Their professional lives were also a deciding factor when it came to choosing where to live. With their other’ lives outside France – Ruth as a stuntwoman and Martin with both the Antarctic expedition work and locum working in Sheffield – quick access to an airport was vital to minimise time spent away from their young children and business.
Martin wanted to buy a ch�teau but Ruth reined in his ambitions and insisted they bought something reasonable and under budget. Although he still has a dream to own a castle, in the short term not over-burdening themselves financially proved fortuitous. Moments before they left Britain the sale of their house fell through, leaving them with a mortgage in Britain and in France. Without the crucial financial safety net of their alternative’ working lives the move could have turned into a disaster. Instead some of their short-term plans for the g�te’s infrastructure have been postponed and Martin had to continue working in the lucrative post as an occasional locum in Sheffield A&E longer than planned.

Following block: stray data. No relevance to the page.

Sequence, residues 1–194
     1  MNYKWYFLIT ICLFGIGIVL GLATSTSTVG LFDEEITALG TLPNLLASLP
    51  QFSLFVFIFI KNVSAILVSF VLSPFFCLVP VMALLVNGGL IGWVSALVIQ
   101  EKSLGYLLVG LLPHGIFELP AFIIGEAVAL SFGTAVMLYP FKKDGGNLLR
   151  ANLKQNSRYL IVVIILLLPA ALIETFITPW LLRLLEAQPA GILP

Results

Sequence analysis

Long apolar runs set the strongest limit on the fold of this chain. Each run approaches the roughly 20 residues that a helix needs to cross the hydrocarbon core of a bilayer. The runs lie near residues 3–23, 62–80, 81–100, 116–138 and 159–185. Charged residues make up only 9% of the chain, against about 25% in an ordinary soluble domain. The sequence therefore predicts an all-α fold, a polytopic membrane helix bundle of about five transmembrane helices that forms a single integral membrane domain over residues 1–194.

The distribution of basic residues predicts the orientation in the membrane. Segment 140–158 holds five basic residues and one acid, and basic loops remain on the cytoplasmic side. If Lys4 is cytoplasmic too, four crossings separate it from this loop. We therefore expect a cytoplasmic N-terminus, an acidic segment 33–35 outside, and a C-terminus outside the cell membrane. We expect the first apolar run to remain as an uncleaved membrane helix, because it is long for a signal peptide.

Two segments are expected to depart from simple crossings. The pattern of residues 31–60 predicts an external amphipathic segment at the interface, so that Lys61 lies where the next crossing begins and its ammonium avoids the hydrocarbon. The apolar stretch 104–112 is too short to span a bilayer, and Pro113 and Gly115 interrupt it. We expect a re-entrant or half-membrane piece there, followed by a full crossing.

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Active familiesThe g�te they bought, in the small rural village of Loubi�res, needed updating, rewiring and re-plumbing. Martin undertook most of the renovation work himself – his newly acquired plumbing skills were put to good use fitting out the three-storey building with smart contemporary bathrooms. The d�cor is both stylish and cosy with an instant homely feel. A charming feature is the original wooden staircase that spirals up inside the building. On chilly days, the wood stove, with an ample supple of logs, glows happily in the corner of the living room.